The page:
But I have long since discovered that the bands create wonderful music, despite the fact that they are not metal. Metal is really not the only well of quality these days, so if you just block out the thoughts regarding the lack of metalness, you might just enjoy something entirely new. Horseback have already released a record earlier this year, called “Half Blood”, that contained a couple of great songs, and some lesser ones too. The problem with Horseback has always been that, despite the ambient track’s swell of atmosphere and beauty, they ultimately achieve to bore you instead of entrancing you and winning you over. On The Eclipse, a vinyl-only release consisting of two songs, is wholesome a brother-release to “Half Blood”, with the sound and style being identical to the latter.

The first track, “On The Eclipse” is a track written in the style of the really great tracks on Half Blood. Minimalist chords and melodies overlap each other atop a simple beat, while black shrieks linger in the background, gargled up from the throat of multi-instrumentalist, Jenks Miller. The combo of said elements often create a distressful atmosphere, at the same time being quite smooth and relaxed. Jenk’s croaky howls drawing a thread to the weather-weary vocals of Enslaved’s Grutle Kjellson, adding the mentioned distress to the track’s blueprint. The track switch between two layered parts, before crossing into a stripped down groove accompanied by a simple guitar solo. It’s a fine song, but it doesn’t achieve the same quality of the greater tracks on this year’s other full-length by the artist.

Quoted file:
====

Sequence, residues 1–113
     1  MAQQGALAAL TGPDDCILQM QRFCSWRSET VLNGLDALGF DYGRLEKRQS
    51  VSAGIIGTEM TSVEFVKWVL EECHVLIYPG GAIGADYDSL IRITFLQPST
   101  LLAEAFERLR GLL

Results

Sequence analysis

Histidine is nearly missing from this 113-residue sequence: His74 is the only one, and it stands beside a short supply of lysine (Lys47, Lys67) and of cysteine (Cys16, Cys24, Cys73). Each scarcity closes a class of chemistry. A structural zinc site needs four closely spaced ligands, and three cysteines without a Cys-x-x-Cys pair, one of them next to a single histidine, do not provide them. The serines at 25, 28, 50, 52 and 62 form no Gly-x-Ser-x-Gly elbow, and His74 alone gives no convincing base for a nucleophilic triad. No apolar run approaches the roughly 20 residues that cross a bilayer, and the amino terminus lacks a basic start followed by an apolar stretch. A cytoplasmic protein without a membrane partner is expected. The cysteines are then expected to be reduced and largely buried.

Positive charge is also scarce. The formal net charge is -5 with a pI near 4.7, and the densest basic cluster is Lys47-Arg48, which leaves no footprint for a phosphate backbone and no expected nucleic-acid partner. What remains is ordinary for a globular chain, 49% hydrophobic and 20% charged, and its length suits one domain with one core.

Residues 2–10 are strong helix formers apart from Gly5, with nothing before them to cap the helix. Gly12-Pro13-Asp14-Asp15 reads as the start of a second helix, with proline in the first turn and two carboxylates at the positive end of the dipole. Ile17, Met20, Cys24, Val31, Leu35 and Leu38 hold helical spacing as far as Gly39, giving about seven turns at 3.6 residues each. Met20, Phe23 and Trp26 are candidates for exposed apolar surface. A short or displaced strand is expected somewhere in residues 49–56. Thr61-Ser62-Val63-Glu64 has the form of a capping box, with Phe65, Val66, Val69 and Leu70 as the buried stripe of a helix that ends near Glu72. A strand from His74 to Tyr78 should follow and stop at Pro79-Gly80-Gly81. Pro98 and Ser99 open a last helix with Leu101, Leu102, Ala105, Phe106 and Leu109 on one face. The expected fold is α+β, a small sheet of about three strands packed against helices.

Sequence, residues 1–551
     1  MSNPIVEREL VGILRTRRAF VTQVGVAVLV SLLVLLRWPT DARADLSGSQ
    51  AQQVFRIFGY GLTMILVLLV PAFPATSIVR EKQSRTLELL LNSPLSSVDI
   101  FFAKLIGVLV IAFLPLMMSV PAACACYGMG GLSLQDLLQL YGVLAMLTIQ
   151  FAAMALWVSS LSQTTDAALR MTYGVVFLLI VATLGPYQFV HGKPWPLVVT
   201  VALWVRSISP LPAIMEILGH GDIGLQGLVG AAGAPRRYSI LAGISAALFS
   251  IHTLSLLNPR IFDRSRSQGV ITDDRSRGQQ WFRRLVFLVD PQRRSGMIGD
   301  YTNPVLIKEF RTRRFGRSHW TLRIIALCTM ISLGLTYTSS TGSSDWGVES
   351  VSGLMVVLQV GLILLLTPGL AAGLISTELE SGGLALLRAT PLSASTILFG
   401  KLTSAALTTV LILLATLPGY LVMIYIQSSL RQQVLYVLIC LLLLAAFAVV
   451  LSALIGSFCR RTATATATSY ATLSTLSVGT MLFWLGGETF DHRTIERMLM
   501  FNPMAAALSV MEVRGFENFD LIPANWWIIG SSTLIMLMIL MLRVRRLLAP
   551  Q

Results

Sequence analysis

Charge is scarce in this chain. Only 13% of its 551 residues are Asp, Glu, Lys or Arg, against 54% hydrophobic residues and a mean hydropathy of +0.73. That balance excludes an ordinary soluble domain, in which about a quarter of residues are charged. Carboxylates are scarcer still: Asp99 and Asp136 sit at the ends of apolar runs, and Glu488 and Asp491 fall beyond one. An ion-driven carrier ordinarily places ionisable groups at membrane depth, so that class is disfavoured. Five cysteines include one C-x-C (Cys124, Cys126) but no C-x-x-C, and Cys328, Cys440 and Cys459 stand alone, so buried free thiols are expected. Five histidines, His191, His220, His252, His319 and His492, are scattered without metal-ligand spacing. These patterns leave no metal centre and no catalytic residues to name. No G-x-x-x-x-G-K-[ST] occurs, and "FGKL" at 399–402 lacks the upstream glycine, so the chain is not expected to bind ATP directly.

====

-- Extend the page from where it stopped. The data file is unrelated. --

On the b-side sits the ambient track, “Broken Orb”. It is by the ambient tracks a Horseback release succeeds or fail, as Half Blood unfortunately proved to be a grating CD due to its three ambient-tracks. But as “Broken Orb”s calm of ethereal notes enter, the hopes are high for a turn of events. The track drones along by a light pace, trying to hypnotize its listener by keeping the key elements the same throughout, only changing up the key-section once in a while. The mood flows nicely enough for a while, but then a strange surge of patternless drumbeat enters, breaking the flow. It is no big deal, but it is still not apparent what the drums were supposed to add to the song.

Even though there is not much wrong about the record, I get the feeling that the songs were cut off Half Blood because they weren’t of equal quality to the songs already featuring on the album. The soundscape and atmosphere is appealing enough by itself, but this is not something game-changing, or even great. The Horseback unit will continue to divide opinions, fans of the artist will enjoy this immensely, and anti-fanboys will find nothing to change their mind on this release. But it is worth a couple of spins if you are interested, and it is worth another go whenever Miller returns with his next voyage.

Recommended tracks: On The Eclipse, Broken Orb (there is just two songs for christ’s sake)

6.5/ 10.0

Fredrik Schjerve